Thus, as $i$ is an injection, $\alpha (Sk_V)^* = \operatorname{Alt} \eta$.

But it's the other gap that's more interesting. Now we can fill it in. And the "filler" map is laid out for us already: it's simply follow-the-arrows. If we work it out in detail, it's the following map:

$$ \begin{aligned} f_1 \wedge \dotsb \wedge f_k \mapsto \Big((v_1 \wedge \dotsb \wedge v_k) \mapsto & Sk_{V^*}(f_1 \wedge \dotsb \wedge f_k) \big( {Sk_V}^*(v_1 \wedge \dotsb \wedge v_k)\big)\Big) \\ &= \frac{1}{k!} \frac{1}{k!} \sum_\sigma \sum_\tau (-1)^{\sigma} (-1)^{\tau} f_{1\sigma}(v_{1\tau}) \dotsb f_{k\sigma}(v_{k\tau}) \end{aligned} $$

This simplifies considerably by rewriting $f_{j\sigma}(v_{j\tau})$ as $f_{j\rho}(v_j)$. Then we end up with $k!$ of each term, so we get:

$$ (f_1 \wedge \dotsb \wedge f_k)(v_1 \wedge \dotsb \wedge v_k) = \frac{1}{k!} \operatorname{det}(f_i(v_j)) $$

But notice the factor of $1/k!$ in this!

So to make that right-hand rectangle commute, one of the maps has to have a factor of $1/k!$ in it. It doesn't have to be the top one, but that's the most obvious one since if you modify one of the $Sk$s then you ought to modify the other one - though there's no reason to do so, and in fact this might be what's going on: the physicists are keeping one of the $Sk$s as it is and defining the other one to be suitably scaled so that the upper map is the determinant map. But that's speculation, returning to reality we have a diagram:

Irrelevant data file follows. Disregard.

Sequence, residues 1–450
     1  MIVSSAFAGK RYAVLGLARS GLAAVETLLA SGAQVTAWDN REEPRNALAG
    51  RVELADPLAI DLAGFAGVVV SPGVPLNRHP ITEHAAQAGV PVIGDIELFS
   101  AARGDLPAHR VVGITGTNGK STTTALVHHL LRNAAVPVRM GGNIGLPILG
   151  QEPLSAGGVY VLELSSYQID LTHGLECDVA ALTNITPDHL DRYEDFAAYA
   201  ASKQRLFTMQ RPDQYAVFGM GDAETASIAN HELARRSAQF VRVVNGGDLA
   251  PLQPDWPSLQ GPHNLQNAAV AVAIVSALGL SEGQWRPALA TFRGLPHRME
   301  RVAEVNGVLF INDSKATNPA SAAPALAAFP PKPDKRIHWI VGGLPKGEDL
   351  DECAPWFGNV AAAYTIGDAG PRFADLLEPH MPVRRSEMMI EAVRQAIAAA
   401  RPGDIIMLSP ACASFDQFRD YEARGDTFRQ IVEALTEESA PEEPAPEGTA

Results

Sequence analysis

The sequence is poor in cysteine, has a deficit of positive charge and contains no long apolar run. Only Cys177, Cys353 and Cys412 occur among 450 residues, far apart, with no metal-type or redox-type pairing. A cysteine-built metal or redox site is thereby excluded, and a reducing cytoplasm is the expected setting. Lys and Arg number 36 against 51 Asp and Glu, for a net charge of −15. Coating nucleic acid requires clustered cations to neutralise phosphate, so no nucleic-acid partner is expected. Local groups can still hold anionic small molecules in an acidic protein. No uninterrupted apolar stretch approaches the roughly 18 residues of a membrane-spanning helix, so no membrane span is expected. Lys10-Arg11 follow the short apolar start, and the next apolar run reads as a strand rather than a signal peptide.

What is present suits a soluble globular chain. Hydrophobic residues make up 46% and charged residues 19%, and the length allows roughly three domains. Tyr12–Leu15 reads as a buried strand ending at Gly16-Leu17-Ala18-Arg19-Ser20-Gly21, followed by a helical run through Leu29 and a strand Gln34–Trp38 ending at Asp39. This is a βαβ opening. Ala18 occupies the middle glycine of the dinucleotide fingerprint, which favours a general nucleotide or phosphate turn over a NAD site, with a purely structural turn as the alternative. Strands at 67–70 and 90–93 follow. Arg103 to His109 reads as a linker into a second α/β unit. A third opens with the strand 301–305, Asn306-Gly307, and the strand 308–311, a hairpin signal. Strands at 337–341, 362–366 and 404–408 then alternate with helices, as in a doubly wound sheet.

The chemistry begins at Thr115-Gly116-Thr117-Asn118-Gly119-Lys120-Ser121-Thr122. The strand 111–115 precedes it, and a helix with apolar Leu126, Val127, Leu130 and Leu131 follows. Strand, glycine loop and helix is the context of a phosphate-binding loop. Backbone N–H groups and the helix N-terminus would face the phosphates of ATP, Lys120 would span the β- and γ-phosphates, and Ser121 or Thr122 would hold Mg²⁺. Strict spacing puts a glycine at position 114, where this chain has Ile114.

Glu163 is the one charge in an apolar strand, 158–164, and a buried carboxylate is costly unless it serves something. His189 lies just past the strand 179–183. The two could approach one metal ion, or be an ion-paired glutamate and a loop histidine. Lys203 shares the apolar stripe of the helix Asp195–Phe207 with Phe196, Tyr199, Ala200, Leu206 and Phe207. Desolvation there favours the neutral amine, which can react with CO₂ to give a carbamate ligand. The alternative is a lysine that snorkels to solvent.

$$ \begin{array}{ccccc} \operatorname{Alt}^k V && (\Lambda^k V)^* &\stackrel{\frac{1}{k!}\operatorname{det}}{\leftarrow} & \Lambda^k V^* \cr \operatorname{Alt} \uparrow &&{Sk_V}^* \uparrow&& \downarrow Sk_{V^*}\cr \operatorname{Mult}^k V &\leftarrow & (\otimes^k V)^* & \leftarrow & \otimes^k V^* \end{array} $$